Sunday, 20 January 2013

The first re-launch date and first sail

Now that the boat had been painted & varnished and anti fouled it was now time to re-launch the boat for the first time in over 12 years. It was a nervous time especially for me after all the work my wife and I had put into getting the boat this far. The day was sunny and the time came to get the boat put in the hoist to put it in the water.

Then the boat was lowered into the water, coming as no surprise the boat leaked a little, after all it had not been in the water for over 12 years and the was going to be a bit of taking up to do. However, as it was released from the slings and left to float the water came in a lot faster than before. So much that I had to put a fire pump into stem the flow of water into keeping her a float. This when on for the best part of four to five hours until the water coming in had all but stopped and the boat was floating be her self.

As I had a feeling that the boat was going to leak, as the planking was so dry after it had been out for so long and that it was a dry summer and winter before the launch. It was something I was expecting to happen I left out all the loose floor boards and other fittings until it had taken up and was dry in side.

After about a week it appeared to have stopped leaking. So it was time to raise the mast once more and set the rig up so that I could take it for it's first sail in over 12 years. As with anything that as been restored back from a wreck to sailing condition. It is a nervous time as the rig take up the tension of having the sails filling with the breeze and powering up and making its way under it's own sails. Also it was a time to test out the new rudder which I had build from a design that I had been given  by the last owner, which he said was taken from the pattern of the old rudder that was no condition to be used.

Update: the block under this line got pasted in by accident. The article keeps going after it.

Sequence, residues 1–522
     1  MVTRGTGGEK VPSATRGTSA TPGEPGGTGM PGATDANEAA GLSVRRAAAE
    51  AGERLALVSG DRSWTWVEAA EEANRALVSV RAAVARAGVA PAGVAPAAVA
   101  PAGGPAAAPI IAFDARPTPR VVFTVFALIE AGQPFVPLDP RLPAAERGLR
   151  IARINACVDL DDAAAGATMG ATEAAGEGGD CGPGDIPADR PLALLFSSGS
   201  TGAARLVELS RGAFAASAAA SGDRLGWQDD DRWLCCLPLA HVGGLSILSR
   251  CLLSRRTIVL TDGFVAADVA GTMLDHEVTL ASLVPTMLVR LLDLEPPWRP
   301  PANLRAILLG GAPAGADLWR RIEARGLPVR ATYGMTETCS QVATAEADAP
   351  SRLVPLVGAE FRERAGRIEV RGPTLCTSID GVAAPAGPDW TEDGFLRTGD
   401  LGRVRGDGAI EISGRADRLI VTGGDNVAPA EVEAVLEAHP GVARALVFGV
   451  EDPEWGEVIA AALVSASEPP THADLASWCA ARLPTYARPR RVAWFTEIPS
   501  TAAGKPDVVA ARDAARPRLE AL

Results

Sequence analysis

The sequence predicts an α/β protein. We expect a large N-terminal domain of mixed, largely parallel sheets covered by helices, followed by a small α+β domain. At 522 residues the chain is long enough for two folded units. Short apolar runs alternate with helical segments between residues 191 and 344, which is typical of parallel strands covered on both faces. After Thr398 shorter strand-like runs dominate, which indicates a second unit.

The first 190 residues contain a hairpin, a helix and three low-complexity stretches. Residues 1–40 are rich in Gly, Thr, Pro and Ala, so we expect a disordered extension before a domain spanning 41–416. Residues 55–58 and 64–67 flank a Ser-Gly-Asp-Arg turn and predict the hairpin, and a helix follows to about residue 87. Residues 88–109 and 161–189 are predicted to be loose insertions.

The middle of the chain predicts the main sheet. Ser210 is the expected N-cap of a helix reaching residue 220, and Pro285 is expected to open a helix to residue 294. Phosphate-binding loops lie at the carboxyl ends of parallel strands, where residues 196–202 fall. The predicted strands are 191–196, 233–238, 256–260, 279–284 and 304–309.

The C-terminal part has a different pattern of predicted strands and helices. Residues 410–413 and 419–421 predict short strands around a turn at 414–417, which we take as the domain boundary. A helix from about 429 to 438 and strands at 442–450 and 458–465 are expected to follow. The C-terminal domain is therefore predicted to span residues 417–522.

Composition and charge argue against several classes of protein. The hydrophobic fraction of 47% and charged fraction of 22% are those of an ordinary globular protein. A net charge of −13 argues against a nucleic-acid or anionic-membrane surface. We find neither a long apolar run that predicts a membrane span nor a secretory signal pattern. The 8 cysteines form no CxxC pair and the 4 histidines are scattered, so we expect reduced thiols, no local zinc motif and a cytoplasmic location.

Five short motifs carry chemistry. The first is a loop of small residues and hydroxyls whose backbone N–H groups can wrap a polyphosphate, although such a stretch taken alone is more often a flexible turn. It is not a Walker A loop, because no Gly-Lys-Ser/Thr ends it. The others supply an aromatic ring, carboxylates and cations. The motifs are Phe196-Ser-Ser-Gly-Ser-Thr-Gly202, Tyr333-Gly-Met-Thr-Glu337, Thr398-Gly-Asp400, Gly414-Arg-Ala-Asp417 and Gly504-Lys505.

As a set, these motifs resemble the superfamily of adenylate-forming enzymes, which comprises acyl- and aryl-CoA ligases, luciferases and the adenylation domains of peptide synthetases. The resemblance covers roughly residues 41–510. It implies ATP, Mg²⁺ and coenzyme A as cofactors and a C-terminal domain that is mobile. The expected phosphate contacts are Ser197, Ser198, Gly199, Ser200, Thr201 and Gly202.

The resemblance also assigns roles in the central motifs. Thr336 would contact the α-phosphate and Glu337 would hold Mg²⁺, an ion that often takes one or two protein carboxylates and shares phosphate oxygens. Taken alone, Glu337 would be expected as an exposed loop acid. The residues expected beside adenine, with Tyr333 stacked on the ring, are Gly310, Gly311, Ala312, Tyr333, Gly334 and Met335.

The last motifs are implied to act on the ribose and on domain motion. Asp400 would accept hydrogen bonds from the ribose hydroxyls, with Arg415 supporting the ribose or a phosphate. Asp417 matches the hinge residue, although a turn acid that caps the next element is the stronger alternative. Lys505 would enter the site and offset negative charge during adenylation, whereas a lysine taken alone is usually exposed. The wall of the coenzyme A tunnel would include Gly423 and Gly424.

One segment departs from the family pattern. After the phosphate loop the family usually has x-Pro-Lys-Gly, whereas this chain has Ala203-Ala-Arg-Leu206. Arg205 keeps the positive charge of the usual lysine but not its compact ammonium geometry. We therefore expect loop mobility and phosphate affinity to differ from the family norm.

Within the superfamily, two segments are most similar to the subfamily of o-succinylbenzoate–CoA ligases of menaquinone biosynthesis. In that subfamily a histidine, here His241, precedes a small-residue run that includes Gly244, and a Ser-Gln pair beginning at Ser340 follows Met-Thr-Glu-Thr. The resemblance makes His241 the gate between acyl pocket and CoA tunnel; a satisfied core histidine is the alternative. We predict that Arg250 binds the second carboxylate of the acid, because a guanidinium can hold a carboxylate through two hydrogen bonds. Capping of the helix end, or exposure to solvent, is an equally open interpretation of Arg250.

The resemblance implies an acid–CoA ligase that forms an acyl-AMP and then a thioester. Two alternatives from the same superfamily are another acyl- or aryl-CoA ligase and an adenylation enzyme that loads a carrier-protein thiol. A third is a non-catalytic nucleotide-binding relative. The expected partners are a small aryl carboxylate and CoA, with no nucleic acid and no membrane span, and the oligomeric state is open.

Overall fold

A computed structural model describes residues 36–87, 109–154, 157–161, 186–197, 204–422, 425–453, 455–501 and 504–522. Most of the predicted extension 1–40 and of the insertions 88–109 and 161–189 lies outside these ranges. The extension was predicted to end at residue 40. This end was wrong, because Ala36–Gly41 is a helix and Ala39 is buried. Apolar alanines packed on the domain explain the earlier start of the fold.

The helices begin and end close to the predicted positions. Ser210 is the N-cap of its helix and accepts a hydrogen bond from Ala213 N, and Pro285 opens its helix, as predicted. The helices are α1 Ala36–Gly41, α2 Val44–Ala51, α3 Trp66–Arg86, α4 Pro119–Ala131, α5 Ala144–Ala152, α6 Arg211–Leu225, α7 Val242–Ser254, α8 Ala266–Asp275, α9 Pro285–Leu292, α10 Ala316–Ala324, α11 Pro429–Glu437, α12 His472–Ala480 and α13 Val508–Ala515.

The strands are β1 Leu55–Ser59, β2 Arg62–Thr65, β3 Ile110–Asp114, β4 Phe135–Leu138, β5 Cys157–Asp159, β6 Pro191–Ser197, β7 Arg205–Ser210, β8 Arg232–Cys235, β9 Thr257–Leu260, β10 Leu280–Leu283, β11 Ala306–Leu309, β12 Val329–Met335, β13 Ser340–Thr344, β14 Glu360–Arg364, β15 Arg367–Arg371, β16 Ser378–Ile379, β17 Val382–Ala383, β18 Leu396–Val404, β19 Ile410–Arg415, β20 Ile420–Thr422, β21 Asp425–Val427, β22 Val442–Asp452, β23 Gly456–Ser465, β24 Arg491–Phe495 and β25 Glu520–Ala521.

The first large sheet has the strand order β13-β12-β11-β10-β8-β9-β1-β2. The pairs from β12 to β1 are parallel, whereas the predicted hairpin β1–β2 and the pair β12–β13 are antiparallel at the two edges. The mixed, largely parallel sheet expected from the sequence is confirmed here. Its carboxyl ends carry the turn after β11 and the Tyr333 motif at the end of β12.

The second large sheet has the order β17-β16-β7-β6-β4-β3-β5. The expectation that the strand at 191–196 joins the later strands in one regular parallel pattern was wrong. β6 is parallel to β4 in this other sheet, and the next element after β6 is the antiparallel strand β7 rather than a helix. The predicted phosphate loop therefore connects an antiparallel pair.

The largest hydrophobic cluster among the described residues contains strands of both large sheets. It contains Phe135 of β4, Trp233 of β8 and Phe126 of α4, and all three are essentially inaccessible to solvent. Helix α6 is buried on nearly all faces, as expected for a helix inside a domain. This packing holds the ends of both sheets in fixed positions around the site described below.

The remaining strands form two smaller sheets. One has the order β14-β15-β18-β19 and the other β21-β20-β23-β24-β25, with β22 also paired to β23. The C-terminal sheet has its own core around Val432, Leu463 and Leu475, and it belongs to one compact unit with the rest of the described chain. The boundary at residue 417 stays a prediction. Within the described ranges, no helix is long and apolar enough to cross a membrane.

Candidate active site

So after this first sail the boat started to work and a couple of leaks started and so it was taken out of the water to sort these out and to do a few other little jobs that the first sail had shown up.

Friday, 18 January 2013

Then came the work on the mast.

After the work on the boat, then came the turn of the mast, boom, gaff and the bowsprit. When I got the boat I had all the spars but the boom. this I had to make a new. As somewhere a long it journey into my ownership it was lost.

The first thing I had to do was to insect the spars to see if any had to be replaced, if so how much was going to be the replacement cost and how much work would it involve getting new ones made. Thankfully there was not a lot to do if the mast, apart from a bit of gluing a small spilt which had come about due to the mast been left out in the weather and the glue joint being exposed to the elements. This taken care of, I when about making some new crosstrees to replace the ones that had done missing a long the way. These new ones were made out of well seasoned oak and made up to the length that the sail maker/rigger had set out in his plans for the rig. He had been given the measurements from the original spars that I had, so that he was able to let me know the length of the boom I had to make that was missing.

Like with all new spars you have to find the right wood for the job. This bit was reasonably straight forward. As I had a good contact in the timber industry who was able to source  the bit I needed.